Tuesday, December 12, 2006

The 15th Congress of the NCP

DELEGATES of the New Communist Party cells and districts, friends, supporters and fraternal delegates from other parties assembled last weekend in the historic Marx House at Clerkenwell Green in central London for the party’s 15th National Congress.
The Congress was opened by NCP president Eric Trevett, who recalled the tremendous things that have happened nationally and internationally since the NCP was founded in July 1977.
He spoke of the marginalisation and even liquidation of some communist parties, victims of the revisionist virus of “Euro-communism”, which paved the way for counter-revolution in the Soviet Union and other European socialist countries.
In Britain in the 1980s the defeat of the heroic miners’ strike – betrayed by the leaderships of the Labour Party and TUC who prevented effective solidarity support – which paved the way for first an onslaught on trade union rights and then on the wages and conditions of the working class.
Those were dark days but now: “Resistance to reactionary policies is growing and among the positive developments we see is China emerging as a world power in politics and in the economic field,” Eric told the Congress.
“In Latin America we see other countries such as Venezuela, Bolivia, Ecuador and Nicaragua joining Cuba in opposing US imperialism.
“In the Middle East the patriotic forces of Lebanon fought US-backed Israel to a standstill and Israel has been exposed to an unprecedented extent as an aggressor state and a puppet of US imperialism.
“Here at home resistance is also growing as is evidenced by the massive demonstrations against the war on Iraq and the build up of local agitation in defence of the health service,” he added.
He finished with a call for positive action to build the New Communist Party.
Dozens of delegates made contributions, as amendments to the party’s main resolution and several other resolutions were debated. They brought to the debate personal experience of activity in a wide range of struggles.
The illegal invasions of Iraq and Afghanistan were top concerns, along with recognition that the resistance in those countries is succeeding in fighting the imperialist invaders to a standstill, who are now desperately casting about for a feasible “exit strategy”.
Concern over the future of the NHS was among the topics which attracted many speakers. In particular the shameful inadequacy of mental health services produced many passionate contributions from comrades who either worked in the field, were patients or close relatives of patients.
Congress agreed that the stresses of living under advanced and declining capitalism have produced an epidemic of stress and depression, while the traditional community structures of the working class that supported the morale of workers in struggle have been undermined by consumerism, individualism and alienation.
Other big concerns included opposition to the renewal of Britain’s Trident nuclear weapons system and the current attacks on civil liberties.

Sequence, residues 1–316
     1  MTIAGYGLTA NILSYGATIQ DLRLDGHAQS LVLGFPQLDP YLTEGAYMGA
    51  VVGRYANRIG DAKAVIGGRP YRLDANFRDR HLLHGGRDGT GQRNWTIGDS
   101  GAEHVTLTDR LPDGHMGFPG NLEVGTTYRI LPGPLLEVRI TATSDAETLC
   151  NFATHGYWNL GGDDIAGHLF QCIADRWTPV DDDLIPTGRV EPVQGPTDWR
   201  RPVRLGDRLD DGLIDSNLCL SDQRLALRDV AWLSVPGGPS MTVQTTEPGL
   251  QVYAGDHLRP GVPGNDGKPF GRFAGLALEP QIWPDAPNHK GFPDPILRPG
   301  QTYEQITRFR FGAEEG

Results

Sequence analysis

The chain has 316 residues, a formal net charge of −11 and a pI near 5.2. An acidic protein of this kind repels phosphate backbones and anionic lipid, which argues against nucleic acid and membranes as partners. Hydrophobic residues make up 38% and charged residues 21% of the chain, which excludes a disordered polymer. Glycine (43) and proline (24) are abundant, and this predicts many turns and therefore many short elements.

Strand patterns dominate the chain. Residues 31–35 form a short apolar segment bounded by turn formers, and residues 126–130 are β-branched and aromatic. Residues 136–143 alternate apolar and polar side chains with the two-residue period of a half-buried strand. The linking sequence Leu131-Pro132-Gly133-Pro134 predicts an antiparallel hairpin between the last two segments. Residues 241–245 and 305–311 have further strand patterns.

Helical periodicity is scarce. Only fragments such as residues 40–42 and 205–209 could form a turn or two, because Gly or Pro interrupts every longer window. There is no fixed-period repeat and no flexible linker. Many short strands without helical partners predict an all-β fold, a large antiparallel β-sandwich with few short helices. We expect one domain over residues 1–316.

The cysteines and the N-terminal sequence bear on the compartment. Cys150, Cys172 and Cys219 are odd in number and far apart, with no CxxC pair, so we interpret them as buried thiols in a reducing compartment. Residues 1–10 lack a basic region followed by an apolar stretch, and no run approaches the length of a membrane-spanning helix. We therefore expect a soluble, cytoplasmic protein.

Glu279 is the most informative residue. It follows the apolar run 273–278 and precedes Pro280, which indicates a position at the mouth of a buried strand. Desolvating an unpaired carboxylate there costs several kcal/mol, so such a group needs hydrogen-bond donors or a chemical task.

Fraternal delegates from the Democratic People’s Republic of Korea, Greece, Spain, Denmark, Cyprus, Turkey, Germany, the African Liberation Support Committee and the Revolutionary Communist Party of Britain (Marxist-Leninist) spoke to the Congress.
All these comrades emphasised the recent changes in the world balance of power, as the United States has lost some of its power. This follows the strength of the resistance in Iraq and Afghanistan and the huge shift towards left-wing governments in Latin America, especially Venezuela, which the US is powerless to stop.
Many mentioned the recent conference of communist and workers’ parties in Lisbon, where the mood among communists now is upbeat and positive. Parties are growing in strength as they successfully defeat the poison of revisionism and class collaboration.
The Turkish comrades told a harrowing tale of violent oppression of their party – along with other parties, especially those who stand up for Kurdish civil rights and liberties. They have suffered raids and arrests and leading members are being held in jail. Their party is forced to work in conditions of illegality. The Congress passed an emergency solidarity motion in support of their struggle and calling for the immediate release of all political prisoners in Turkey.
And the nuclear test by the DPRK was recognised by Congress as a positive step towards the peaceful stabilisation of that region – a real deterrent to US imperialist interference there.
NCP general secretary Andy Brooks wound up the Congress by congratulating delegates for their hard work in producing a document that will chart the Party’s progress for the next three years. He praised the positive contribution the RCPB (ML) had made towards advancing communist unity through co-operation and dialogue with the NCP over the years.
The one certainty in life, Andy said quoting Marx, was that the only alternative to socialism was barbarism – the barbarism we saw in Nazi Germany and what we see today in Iraq; the barbarism we see in the starvation and poverty of much of the Third World and the exploitation and oppression of working people throughout the world. But this was a Congress of hope and conviction in the supremacy of the communist ideal. The 21st century, he concluded, will certainly be the century of socialism.
A collection raised over £450 and the last act of Congress, in accordance with NCP tradition, was the mass singing of the Internationale.